A Throggs Neck woman who was arrested at the Buhre Avenue IRT station of the #6 line for leaving through an emergency exit and then refusing to provide information to a police officer, is now blaming Councilman Jimmy Vacca for her troubles, despite ample evidence to the contrary.
While Vacca denies any involvement in the Transit Police sting operation, Cynthia Paciullo, the arrested straphanger, insists that her arresting officer told her the operation was setup at Vacca’s request.
“Apparently, one of the transit officers knew my name and said I was responsible for the operation,” Vacca said. “I didn’t tell the police to do anything. I have known the person’s family for years. Her brother was one of my best friends.”
Paciullo was arriving home from work on Friday, September 12 when she went through a much-abused emergency exit gate at the station.
Paciullo said that officers detained her and when she refused to give them her Social Security number in front of a crowd of others riders, she was arrested.
“The arresting officer said ‘Councilman Vacca sent us,’” Paciullo said. “I honestly do believe that he sent the police officers there. Most councilpeople don’t take the subway to work. This was a power trip for him.”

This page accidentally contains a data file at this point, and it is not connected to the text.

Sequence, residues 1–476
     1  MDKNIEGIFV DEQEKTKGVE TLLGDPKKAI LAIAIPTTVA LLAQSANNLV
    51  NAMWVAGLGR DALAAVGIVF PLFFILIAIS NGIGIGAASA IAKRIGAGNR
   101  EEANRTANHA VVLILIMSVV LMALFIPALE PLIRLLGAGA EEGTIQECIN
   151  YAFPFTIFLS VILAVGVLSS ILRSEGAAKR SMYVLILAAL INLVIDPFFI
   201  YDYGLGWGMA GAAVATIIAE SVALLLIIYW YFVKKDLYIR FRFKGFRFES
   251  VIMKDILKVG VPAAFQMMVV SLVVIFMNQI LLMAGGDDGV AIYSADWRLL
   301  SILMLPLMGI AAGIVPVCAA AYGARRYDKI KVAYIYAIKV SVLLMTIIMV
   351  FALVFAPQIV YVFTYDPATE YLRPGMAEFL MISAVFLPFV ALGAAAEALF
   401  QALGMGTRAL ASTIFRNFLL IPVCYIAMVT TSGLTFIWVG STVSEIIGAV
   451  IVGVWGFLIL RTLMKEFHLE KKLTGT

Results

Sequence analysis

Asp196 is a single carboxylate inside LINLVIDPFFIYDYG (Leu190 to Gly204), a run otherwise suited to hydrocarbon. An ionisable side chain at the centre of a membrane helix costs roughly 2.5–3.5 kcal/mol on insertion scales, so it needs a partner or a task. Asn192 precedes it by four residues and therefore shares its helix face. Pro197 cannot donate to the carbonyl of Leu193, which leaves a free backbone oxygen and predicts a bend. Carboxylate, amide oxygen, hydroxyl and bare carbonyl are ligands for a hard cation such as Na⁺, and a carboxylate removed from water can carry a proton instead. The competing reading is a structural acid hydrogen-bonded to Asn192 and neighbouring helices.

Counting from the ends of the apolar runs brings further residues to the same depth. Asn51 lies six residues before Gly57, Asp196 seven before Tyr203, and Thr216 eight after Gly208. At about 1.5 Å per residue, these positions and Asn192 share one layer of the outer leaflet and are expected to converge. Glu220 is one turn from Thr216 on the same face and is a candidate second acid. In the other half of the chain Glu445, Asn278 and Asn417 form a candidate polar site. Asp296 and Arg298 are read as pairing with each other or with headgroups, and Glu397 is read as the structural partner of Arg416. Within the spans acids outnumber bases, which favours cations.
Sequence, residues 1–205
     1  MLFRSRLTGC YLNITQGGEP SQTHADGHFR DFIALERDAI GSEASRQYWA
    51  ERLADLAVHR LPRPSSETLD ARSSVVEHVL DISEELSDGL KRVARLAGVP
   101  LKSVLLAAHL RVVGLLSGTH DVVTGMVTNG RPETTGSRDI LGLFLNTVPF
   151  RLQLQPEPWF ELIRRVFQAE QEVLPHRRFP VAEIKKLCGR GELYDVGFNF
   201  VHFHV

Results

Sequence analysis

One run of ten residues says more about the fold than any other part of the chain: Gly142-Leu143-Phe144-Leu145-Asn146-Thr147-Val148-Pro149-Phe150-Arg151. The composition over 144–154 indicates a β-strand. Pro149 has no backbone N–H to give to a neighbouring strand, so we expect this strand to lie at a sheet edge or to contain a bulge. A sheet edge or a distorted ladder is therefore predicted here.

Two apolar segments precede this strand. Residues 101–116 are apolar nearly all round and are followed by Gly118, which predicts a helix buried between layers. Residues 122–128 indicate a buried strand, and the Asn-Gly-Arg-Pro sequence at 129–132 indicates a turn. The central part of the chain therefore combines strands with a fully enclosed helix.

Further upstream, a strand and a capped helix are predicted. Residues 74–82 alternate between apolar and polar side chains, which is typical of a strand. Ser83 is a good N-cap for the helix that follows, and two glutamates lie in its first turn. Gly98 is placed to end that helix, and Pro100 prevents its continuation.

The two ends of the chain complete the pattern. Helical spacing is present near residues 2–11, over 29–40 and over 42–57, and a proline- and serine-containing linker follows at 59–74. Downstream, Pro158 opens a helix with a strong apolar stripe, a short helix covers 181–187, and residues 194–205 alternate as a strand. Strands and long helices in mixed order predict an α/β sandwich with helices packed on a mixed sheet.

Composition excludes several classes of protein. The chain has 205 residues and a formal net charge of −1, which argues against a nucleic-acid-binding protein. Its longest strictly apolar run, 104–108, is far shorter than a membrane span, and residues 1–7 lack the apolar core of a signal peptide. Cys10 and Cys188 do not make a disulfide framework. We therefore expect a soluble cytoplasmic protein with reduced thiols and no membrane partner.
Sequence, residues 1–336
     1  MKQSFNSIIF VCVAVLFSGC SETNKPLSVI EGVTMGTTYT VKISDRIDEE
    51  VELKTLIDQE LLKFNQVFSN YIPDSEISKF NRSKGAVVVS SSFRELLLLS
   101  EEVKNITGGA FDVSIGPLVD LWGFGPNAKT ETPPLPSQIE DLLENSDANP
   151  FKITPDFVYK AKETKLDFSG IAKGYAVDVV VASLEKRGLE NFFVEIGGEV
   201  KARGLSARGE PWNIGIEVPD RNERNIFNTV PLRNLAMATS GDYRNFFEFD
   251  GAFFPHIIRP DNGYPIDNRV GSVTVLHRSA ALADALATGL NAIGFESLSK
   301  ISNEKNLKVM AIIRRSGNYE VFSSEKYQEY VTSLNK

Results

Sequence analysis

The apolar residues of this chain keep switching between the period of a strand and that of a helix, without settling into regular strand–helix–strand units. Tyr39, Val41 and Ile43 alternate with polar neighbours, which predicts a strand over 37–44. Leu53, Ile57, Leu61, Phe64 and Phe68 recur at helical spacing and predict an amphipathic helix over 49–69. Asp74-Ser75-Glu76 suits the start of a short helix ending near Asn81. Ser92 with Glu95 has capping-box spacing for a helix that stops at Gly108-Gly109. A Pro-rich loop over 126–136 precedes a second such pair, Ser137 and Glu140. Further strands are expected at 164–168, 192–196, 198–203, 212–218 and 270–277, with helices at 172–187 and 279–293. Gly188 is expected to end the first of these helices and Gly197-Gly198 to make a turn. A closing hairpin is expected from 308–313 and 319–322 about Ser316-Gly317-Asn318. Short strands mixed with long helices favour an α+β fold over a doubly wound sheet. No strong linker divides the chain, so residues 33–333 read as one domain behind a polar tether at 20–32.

However, the original request for more police action at the station was initiated at Community Board 10’s March district service cabinet meeting, and has absolutely nothing to do with Vacca.
“Our contention was to have the emergency exit open only when the token booth operator opens it from inside the booth,” said Patrick Caruso, of Community Board 10. “When I go to the Middletown Road station while on official business, I see young people avoid the fare by going through the emergency gate instead of going through the turnstile.”
Apparently, the order given to the Transit police to look into the matter was misconstrued, and instead of going after fare-beaters, they went after those using the emergency gate to exit the station.
“Those gates were retrofitted with alarms for emergencies, and we do not want people to go through them unless there is an emergency,” said James Anyansi, MTA-NYC Transit spokesman. “There are panic bars that are triggered when the gate is opened.”
Police representatives were quick to point out that Paciullo did break the law by exiting through the gate, something she does not dispute.
“There is no way to confirm or deny what was said during the sting operation,” said Sergeant Mike Wysokoski, spokesman for the NYPD. “It is her word against the arresting officer.”
Wysokoski added that he thinks Paciullo was not being asked for her Social Security number, but some other form of identification.
“For some reason, the police needed to prove their point by writing summonses,” Paciullo stated. “I think the whole operation was a case of entrapment.”